Author(s): Abid N, Khan AS, Al Otaibi FH, Abid N, Khan AS, Al Otaibi FH
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Abstract This retrospective study aimed to collect data related to the clinical manifestations and laboratory investigations of systemic lupus erythematosus (SLE) patients in the eastern part of Saudi Arabia, in one of the tertiary-care centers, King Fahd Hospital Al-Hasa, and to compare it with other regions of Saudi Arabia. Forty-six patients fulfilling the American College of Rheumatology 1997 criteria (ACR) were collected over a period from January 2004 to December 2008. The results showed an average age of onset of 26.17 (±9.17). The most common clinical features were nonspecific constitutional symptoms (fever, fatigue and malaise) seen in 44 patients (95.7\%). Musculoskeletal features seen were mostly arthralgias (91.3\%) and arthritis (76.1\%). Nephritis was seen in 58.7\% and hypertension in 52.2\%. Mucocutaneous involvement included oral ulcers (71.7\%), hair loss (65.2\%), butterfly rashes (67.4\%), photosensitivity (47.8\%) and discoid lupus (13\%). Neurologic manifestations showed psychosis in 17.4\%, depression in 15.2\% and headache in 28.3\%. The most common hematologic presentation was leukopenia (58.7\%) followed by hemolytic anemia and anemia of chronic disease (47.8\%). Antinuclear antibodies were positive in 44 (95.7\%), anti-dsDNA in 38 (42.6\%), anti-Ro SSA and La SSB in 38 (82.6\%). Anticardiolipin antibodies and lupus anticoagulant were positive in eight (17.4\%). Low complement levels (C3 and C4) were seen in 41 (89.1\%) of the patients with active disease. The drugs used in treatment were NSAIDs (100\%), antimalarials (97.8\%), steroids (100\%), intermittent cyclophosphamide and other immunosuppressive drugs (71.7\%). We found that the age of onset and sex distributions were different from other areas of Saudi Arabia, while clinical manifestations were the same as in other areas. The prognosis of lupus was good overall despite the multi-organ involvement. However, further studies based on larger number of patients are needed.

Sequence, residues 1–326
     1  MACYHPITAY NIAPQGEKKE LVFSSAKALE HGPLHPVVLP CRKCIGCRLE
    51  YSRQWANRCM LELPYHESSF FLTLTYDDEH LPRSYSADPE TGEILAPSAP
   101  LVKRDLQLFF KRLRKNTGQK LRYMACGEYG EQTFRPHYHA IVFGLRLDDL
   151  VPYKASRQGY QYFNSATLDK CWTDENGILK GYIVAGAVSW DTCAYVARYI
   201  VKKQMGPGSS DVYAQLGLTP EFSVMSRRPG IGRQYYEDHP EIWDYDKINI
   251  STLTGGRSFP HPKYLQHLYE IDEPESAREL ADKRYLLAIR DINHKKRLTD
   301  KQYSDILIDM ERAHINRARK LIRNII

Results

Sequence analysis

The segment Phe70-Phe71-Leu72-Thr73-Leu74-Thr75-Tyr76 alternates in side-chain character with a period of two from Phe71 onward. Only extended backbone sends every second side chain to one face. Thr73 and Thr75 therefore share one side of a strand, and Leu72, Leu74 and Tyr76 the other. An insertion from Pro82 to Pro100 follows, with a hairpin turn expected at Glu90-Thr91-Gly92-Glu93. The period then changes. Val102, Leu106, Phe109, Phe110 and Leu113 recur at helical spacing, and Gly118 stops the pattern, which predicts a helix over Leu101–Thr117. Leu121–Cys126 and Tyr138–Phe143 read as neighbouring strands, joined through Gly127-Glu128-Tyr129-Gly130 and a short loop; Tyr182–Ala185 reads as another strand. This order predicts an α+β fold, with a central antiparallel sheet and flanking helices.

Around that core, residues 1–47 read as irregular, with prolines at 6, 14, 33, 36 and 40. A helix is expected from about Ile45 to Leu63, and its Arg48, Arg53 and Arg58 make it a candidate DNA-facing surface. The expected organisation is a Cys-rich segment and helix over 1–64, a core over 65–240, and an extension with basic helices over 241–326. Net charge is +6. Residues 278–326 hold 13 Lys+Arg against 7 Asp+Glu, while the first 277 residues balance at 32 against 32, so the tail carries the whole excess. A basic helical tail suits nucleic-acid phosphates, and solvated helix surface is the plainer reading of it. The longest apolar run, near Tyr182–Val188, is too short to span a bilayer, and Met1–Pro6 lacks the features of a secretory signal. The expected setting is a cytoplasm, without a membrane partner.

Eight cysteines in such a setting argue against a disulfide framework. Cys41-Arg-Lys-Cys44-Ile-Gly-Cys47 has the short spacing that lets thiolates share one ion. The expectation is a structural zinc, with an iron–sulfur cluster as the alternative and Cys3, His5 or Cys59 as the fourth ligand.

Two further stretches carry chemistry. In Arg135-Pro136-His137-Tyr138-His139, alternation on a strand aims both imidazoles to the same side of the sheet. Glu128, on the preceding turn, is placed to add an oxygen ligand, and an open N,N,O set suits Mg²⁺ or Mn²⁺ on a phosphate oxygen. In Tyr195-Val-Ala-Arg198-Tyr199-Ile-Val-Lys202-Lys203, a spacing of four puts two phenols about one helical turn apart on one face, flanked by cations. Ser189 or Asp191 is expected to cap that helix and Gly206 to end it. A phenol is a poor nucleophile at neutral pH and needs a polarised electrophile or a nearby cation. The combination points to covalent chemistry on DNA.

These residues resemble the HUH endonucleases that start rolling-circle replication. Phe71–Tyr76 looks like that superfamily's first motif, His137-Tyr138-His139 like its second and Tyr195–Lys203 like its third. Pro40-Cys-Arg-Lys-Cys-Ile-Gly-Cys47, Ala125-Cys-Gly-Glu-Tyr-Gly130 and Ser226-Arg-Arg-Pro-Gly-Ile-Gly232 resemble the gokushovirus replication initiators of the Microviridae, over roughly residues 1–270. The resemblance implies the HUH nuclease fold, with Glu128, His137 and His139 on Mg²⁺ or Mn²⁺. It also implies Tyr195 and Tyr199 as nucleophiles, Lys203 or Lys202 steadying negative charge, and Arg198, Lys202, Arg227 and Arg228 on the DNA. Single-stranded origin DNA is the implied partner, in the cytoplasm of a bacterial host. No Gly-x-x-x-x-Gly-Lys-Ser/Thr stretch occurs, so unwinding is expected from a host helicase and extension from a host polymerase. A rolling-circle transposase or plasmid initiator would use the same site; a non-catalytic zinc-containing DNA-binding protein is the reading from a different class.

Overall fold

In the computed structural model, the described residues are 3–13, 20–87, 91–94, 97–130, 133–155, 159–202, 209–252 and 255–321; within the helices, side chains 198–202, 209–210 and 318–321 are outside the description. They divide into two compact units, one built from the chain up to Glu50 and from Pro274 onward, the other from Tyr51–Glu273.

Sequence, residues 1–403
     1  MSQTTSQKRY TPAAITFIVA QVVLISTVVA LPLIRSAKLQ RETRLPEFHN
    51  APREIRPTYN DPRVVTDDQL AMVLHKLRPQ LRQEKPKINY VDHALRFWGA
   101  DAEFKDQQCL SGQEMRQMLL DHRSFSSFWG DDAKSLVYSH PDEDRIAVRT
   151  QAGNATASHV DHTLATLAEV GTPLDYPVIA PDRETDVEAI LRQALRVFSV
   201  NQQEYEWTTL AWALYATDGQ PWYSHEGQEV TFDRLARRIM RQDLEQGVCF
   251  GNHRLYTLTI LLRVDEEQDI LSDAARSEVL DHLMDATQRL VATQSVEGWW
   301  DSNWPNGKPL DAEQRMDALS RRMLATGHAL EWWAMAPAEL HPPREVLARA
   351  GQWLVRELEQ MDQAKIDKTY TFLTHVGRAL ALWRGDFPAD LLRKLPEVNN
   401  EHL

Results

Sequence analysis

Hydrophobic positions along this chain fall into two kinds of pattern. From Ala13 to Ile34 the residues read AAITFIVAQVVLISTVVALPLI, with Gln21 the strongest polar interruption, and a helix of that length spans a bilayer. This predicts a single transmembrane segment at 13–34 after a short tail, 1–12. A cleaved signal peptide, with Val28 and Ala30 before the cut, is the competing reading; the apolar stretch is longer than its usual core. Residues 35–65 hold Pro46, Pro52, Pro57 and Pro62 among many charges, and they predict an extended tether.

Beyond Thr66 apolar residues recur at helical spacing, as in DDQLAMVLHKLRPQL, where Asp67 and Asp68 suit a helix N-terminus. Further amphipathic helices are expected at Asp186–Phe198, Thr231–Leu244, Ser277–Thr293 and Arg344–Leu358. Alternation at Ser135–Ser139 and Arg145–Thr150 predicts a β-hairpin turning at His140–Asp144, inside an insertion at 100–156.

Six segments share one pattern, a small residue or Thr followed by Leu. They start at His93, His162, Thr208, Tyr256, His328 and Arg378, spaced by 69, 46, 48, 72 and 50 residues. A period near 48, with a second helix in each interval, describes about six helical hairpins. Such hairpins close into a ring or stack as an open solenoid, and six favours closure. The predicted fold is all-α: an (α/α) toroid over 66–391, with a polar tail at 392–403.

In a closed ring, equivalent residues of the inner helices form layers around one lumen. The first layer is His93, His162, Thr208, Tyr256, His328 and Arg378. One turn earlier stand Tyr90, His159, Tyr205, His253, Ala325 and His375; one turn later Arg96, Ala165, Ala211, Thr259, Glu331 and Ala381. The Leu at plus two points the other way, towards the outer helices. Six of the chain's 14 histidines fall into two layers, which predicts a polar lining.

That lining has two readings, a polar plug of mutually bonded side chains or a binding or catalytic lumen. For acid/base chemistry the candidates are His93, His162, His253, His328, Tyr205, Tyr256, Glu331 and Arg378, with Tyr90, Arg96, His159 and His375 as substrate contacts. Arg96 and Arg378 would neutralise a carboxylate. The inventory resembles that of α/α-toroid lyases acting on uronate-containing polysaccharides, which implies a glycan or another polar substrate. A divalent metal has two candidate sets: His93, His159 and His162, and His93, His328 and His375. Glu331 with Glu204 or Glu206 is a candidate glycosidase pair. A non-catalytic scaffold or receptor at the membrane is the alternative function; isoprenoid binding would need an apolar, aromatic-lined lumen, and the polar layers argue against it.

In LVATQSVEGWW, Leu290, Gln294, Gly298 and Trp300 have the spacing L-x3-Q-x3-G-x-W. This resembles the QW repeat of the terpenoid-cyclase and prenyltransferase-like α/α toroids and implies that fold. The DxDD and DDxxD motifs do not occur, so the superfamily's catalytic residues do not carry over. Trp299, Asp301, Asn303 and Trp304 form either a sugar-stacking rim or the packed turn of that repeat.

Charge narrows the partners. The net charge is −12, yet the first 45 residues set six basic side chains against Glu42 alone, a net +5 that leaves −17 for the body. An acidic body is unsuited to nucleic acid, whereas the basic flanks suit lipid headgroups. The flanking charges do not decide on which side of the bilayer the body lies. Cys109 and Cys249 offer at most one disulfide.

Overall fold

This article was published in Lupus
and referenced in Lupus: Open Access